When designing Accelerators for IE8, we had a number of scenarios in mind. Primarily, we looked at the all-too-common user pattern of copy-navigate-paste and decided we could save our users a lot of time and frustration by enabling some sort of contextual interaction between content and services. For example, the classic example is mapping—the user finds an address buried in a page, and instead of having to navigate to a mapping service, can receive the map inline via a preview window:
We were pretty satisfied with the solution we came up with for IE, but we stepped back for a moment and asked, “do users really care which program they find an address in? If I’m browsing a document in Microsoft Word and find an address, isn’t the mapping scenario just as relevant?”
We thought the answer was yes, so we created the Accelerator Platform for Windows 7. Once you explicitly call into the platform from your application, you have access to all the Accelerators that IE does, without having to worry about the underlying XML implementation. This allows you to focus your energy on providing a seamless and powerful experience for your users.
I’ve already written a development-focused whitepaper on the Platform, and MSDN has some great documentation on all the interfaces and methods, so I don’t plan on diving into technical details in this blog post. Instead, I’m just going to spend a little time going over some of the Platform’s capabilities and show off a working example.
One of the cool things about the Accelerator Platform is that we’ve essentially given you the same amount of power that IE has in interacting with Accelerators. Our APIs are flexible enough that you have a lot of latitude in customizing how your program interacts with the Platform.
There are three broad classes of functionality you’ll probably care about in working with the Platform:
Enumeration is pretty simple. All you really need to do is loop through all the Accelerators and present them however you’d like. IE, for example, uses a system of “categories” and “default Accelerators” (explained here) to help make the Accelerator-hunting process easier for end-users.
If anything, execution is even easier; it can be as simple as launching a new browser window (not even IE, necessarily) and passing in any necessary data.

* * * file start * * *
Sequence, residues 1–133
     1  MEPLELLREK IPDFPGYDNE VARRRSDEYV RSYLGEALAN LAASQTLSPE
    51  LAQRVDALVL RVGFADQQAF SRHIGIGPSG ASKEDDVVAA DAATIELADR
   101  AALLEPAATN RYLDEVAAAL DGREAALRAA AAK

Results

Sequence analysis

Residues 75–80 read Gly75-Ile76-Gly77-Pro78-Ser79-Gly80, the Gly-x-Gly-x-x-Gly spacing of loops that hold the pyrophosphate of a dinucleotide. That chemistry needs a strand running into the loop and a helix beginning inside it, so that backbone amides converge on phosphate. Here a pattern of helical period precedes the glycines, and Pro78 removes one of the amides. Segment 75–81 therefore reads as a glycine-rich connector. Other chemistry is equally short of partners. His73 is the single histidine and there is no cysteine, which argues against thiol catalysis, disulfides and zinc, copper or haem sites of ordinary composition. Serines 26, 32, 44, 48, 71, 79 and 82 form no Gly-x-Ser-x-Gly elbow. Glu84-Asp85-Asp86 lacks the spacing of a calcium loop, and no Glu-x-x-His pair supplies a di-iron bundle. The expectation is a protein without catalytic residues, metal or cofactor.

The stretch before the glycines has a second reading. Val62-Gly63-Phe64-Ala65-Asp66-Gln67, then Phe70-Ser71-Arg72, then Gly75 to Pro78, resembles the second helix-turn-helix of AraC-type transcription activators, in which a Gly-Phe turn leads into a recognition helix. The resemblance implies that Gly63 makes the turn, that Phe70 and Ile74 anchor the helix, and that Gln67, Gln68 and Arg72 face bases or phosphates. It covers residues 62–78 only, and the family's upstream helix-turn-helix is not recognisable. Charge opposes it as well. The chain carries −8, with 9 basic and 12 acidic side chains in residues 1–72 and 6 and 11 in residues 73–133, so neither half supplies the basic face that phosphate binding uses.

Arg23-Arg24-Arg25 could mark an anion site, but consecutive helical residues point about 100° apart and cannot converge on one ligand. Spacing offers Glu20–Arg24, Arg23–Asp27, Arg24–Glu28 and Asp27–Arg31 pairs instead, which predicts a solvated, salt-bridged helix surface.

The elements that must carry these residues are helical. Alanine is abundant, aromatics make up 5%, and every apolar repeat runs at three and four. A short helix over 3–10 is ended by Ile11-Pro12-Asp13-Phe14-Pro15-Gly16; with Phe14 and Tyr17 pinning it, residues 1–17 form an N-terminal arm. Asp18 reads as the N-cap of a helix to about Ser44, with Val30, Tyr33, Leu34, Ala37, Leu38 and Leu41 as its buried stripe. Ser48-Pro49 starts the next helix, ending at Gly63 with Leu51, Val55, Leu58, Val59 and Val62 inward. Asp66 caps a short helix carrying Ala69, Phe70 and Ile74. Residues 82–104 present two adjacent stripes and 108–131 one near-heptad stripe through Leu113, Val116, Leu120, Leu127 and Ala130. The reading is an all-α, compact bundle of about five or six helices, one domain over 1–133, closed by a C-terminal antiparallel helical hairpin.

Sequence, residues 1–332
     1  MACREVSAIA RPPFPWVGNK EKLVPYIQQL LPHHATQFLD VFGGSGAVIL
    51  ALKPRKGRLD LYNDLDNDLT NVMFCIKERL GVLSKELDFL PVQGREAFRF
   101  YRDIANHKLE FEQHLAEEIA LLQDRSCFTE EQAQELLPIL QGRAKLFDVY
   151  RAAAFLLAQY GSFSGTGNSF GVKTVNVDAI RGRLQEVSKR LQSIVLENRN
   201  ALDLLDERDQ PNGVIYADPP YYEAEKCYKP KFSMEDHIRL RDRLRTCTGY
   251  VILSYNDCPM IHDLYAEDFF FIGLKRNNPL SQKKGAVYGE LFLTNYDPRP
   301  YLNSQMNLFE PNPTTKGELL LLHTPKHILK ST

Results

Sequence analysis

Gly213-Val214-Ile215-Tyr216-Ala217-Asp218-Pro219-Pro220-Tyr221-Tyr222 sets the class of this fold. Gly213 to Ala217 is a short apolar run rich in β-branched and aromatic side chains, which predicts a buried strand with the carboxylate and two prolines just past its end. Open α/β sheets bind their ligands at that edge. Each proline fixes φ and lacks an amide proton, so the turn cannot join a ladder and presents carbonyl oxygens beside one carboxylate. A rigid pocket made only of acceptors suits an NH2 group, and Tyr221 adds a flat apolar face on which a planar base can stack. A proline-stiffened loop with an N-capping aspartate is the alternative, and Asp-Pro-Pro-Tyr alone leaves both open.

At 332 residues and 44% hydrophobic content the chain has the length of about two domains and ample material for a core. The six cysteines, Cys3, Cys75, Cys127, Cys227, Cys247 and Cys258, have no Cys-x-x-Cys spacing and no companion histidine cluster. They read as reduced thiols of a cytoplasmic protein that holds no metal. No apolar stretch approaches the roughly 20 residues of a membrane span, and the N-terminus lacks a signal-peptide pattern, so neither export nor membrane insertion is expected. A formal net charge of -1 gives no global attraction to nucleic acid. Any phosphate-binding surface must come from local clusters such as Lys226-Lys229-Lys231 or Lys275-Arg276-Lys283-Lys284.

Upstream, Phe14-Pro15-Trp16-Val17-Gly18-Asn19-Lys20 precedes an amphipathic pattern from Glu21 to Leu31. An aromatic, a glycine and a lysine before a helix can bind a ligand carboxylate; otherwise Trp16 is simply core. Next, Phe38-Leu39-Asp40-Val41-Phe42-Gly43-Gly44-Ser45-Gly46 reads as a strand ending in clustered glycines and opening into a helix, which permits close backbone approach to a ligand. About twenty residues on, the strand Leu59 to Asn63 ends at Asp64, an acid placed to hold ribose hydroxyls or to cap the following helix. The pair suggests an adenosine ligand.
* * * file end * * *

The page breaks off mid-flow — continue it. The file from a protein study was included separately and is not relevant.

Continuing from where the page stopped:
Preview is a little bit more complicated, requiring your application to provide some UI for hosting a preview window. However, preview isn’t necessarily right for every application, so there’s no reason you have to include it, particularly if integrating the extra UI would be difficult.
Platforms exist as a scaffold on which people can build, so we deliberately made the Accelerator Platform very flexible. You can decide what kind of user experience will work best in your application and implement it. For example, if you wanted to enumerate all of a user’s Accelerators in a single menu, without any kind of structure, that would be quite possible to do. That said, it probably wouldn’t be the best of ideas.
While I’m certainly not going to tell you how to do things, one salient point I’d like to make is that many users familiar with Accelerators have come to expect certain design paradigms when interacting with them. So while your particular needs might require deviating from IE’s behavior (e.g. only enumerating “Search” Accelerators), I’d like to suggest falling back on IE’s model wherever possible, for consistency’s sake, if nothing else.
I figure a feature blog post isn’t complete without a demo, so I wanted to showcase something I wrote as a test case for the Platform:
It’s a Word add-in that calls into the Platform for enumeration and execution. I ended up not adding preview, but there’s no reason you couldn’t do it in your own program. If you’re curious about how to implement something like the above, feel free to check out the whitepaper I mentioned earlier.
The Win7 Accelerator Platform is a powerful tool for bringing useful services closer to your users—I can’t wait to see the cool things you do with it!
Jon Seitel Program Manager